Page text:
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Diamond: A MineRL Competition on Training Sample-Efficient Agents + Q&A
William Guss · Alara Dirik · Byron Galbraith · Brandon Houghton · Anssi Kanervisto · Noboru Kuno · Stephanie Milani · Sharada Mohanty · Karolis Ramanauskas · Ruslan Salakhutdinov · Rohin Shah · Nicholay Topin · Steven Wang · Cody Wild

Tue Dec 07 11:45 AM -- 12:05 PM (PST) @
Event URL: https://www.aicrowd.com/challenges/neurips-2021-minerl-diamond-competition »

In the third MineRL Diamond competition, participants continue to develop algorithms which can efficiently leverage human demonstrations to drastically reduce the number of samples needed to solve a complex task in Minecraft. The competition environment features sparse-rewards, long-term planning, vision and sub-task hierarchies. To ensure that truly sample-efficient are developed, organizers re-train submitted systems on a fixed cloud-computing environment for a limited number of samples (4 days or 8 million samples). To ease the entry to machine learning research, the competition features two tracks: introduction, which allows agents developed using any method ranging from end-to-end machine learning solutions to programmatic approaches; and research, which requires participants develop novel imitation and reinforcement learning algorithms to solve this difficult sample-limited task.

Author Information

William Guss (Carnegie Mellon University)
Alara Dirik (Boğaziçi University)
Byron Galbraith (Talla)

Byron Galbraith is the CTO of Seva, where he works to translate the latest advancements in machine learning and natural language processing to build AI-powered conversational agents. Byron has a PhD in Cognitive and Neural Systems from Boston University and an MS in Bioinformatics from Marquette University. His research expertise includes brain-computer interfaces, neuromorphic robotics, spiking neural networks, high-performance computing, and natural language processing. Byron has also held several software engineering roles including back-end system engineer, full stack web developer, office automation consultant, and game engine developer at companies ranging in size from a two-person startup to a multi-national enterprise.

Brandon Houghton (OpenAI)
Anssi Kanervisto (University of Eastern Finland)

3rd year Ph.D student, with work focusing on video games and use of them in deep reinforcement learning research. Occasional work on speaker recognition and spoof detection.

Noboru Kuno (Microsoft)

Sean Kuno is a Senior Research Program Manager of Microsoft Research Outreach. He is based in Redmond U.S.S. and he is a member of Artificial Intelligence Outreach team. Kuno leads the ideation, design and launch of community programs for AI projects such as Project Malmo, working in partnership with universities and government agencies worldwide. Kuno joined Microsoft Research Asia in 2009 as a University Relations Manager in Japan. Before he joined Microsoft, he worked for the Japan Science and Technology Agency (JST), the second largest funding agency in Japan, where he had more than four years’ experience of project funding, program management and program evaluation and promotion of basic science research projects and academic exchange events. Before JST, he worked as a manager of marketing and product & business development in the cable and satellite industry in Japan. He received a bachelor degree (1996) and a master’s degree (1998) in Quantum Engineering and Systems Science from the Graduate School of Engineering, the University of Tokyo.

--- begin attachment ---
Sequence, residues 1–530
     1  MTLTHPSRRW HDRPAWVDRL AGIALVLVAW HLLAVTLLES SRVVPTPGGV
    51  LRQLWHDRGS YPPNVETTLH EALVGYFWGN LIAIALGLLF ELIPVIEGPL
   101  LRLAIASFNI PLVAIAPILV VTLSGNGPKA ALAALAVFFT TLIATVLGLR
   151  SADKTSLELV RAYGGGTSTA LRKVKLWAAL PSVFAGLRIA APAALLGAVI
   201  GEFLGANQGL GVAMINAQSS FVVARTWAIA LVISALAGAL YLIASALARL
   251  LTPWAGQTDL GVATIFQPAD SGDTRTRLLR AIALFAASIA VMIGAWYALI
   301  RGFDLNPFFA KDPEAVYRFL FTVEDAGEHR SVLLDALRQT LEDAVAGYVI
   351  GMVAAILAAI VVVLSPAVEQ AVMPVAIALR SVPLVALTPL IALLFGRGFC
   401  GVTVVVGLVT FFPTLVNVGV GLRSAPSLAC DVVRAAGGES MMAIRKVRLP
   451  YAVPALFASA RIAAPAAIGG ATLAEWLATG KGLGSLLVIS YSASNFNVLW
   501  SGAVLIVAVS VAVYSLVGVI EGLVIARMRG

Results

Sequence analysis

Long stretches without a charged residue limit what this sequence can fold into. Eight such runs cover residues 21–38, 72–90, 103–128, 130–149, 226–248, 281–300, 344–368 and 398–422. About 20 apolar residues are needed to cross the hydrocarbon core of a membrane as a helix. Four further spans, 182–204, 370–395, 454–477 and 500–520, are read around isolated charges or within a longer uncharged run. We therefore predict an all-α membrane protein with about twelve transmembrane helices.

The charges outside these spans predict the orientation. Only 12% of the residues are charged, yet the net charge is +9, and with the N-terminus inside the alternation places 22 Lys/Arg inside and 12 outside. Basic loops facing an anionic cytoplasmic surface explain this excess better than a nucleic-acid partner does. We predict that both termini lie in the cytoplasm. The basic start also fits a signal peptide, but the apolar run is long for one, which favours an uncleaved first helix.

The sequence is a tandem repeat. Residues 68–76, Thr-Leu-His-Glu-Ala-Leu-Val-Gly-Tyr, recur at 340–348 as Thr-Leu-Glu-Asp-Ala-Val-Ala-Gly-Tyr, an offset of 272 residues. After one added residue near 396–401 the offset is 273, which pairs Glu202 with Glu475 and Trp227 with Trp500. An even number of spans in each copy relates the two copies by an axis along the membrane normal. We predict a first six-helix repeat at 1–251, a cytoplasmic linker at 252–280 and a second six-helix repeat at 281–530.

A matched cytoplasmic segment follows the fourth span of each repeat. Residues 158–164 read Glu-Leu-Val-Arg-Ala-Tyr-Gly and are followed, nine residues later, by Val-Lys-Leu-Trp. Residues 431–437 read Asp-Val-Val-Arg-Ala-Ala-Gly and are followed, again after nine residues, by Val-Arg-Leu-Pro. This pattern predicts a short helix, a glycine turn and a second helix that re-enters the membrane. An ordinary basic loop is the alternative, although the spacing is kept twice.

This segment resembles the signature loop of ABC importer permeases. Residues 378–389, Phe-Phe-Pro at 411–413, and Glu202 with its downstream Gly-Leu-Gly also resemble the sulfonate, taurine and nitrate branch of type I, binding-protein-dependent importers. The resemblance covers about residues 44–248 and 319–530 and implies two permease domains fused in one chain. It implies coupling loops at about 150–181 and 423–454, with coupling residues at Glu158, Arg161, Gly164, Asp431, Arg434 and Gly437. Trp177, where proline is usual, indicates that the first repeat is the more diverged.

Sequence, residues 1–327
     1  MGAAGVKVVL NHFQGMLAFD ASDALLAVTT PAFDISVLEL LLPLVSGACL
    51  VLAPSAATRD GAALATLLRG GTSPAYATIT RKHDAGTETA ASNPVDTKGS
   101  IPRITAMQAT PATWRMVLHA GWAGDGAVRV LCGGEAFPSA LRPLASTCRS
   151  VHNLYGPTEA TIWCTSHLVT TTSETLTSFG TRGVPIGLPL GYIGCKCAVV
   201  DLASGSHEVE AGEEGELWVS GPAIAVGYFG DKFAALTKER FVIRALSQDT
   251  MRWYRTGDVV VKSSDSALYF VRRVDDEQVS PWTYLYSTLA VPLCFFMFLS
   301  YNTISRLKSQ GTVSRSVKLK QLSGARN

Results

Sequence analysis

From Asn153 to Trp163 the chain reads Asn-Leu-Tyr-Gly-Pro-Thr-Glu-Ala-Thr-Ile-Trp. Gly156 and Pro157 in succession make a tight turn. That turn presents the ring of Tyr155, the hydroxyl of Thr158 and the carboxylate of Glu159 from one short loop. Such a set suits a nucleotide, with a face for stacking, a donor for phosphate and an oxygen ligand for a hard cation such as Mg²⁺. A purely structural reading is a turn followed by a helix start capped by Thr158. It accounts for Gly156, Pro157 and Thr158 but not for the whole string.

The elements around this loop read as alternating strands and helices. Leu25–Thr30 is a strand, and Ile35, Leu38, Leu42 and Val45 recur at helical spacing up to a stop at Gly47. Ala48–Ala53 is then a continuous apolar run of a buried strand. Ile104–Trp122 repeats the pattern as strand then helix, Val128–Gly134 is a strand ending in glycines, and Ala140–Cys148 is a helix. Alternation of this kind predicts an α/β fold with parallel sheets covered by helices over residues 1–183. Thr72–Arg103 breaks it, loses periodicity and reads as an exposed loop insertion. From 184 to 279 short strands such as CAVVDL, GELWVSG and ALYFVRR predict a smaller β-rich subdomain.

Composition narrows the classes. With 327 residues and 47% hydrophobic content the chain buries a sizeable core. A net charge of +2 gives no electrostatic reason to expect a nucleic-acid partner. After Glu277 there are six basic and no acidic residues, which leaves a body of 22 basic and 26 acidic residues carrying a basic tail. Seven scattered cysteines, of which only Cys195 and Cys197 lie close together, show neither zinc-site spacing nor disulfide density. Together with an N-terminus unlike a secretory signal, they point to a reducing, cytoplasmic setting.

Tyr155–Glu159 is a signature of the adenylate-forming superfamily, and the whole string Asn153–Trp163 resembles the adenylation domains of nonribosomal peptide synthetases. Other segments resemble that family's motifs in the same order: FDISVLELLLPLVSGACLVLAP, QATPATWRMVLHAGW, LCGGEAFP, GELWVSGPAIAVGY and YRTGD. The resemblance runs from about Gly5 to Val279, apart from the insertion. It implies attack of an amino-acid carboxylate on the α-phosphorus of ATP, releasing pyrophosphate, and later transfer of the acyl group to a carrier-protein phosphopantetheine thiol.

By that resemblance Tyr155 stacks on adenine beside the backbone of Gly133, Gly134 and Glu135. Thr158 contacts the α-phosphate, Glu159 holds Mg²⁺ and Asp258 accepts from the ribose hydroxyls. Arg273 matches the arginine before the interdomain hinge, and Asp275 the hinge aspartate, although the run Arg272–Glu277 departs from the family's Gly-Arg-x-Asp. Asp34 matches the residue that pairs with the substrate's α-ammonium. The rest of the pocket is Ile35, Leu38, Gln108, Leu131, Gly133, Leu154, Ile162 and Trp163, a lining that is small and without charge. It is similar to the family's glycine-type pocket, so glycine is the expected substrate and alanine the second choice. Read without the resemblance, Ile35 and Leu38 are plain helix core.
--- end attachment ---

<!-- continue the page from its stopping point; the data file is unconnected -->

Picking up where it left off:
Stephanie Milani (Carnegie Mellon University)
Sharada Mohanty (AIcrowd SA)
Karolis Ramanauskas (-)
Karolis Ramanauskas

PhD Student in Reinforcement Learning

Ruslan Salakhutdinov (Carnegie Mellon University)
Rohin Shah (DeepMind)

Rohin is a Research Scientist on the technical AGI safety team at DeepMind. He completed his PhD at the Center for Human-Compatible AI at UC Berkeley, where he worked on building AI systems that can learn to assist a human user, even if they don't initially know what the user wants. He is particularly interested in big picture questions about artificial intelligence. What techniques will we use to build human-level AI systems? How will their deployment affect the world? What can we do to make this deployment go better? He writes up summaries and thoughts about recent work tackling these questions in the Alignment Newsletter.

Nicholay Topin (Carnegie Mellon University)
Steven Wang (UC Berkeley)
Cody Wild (Google Research)

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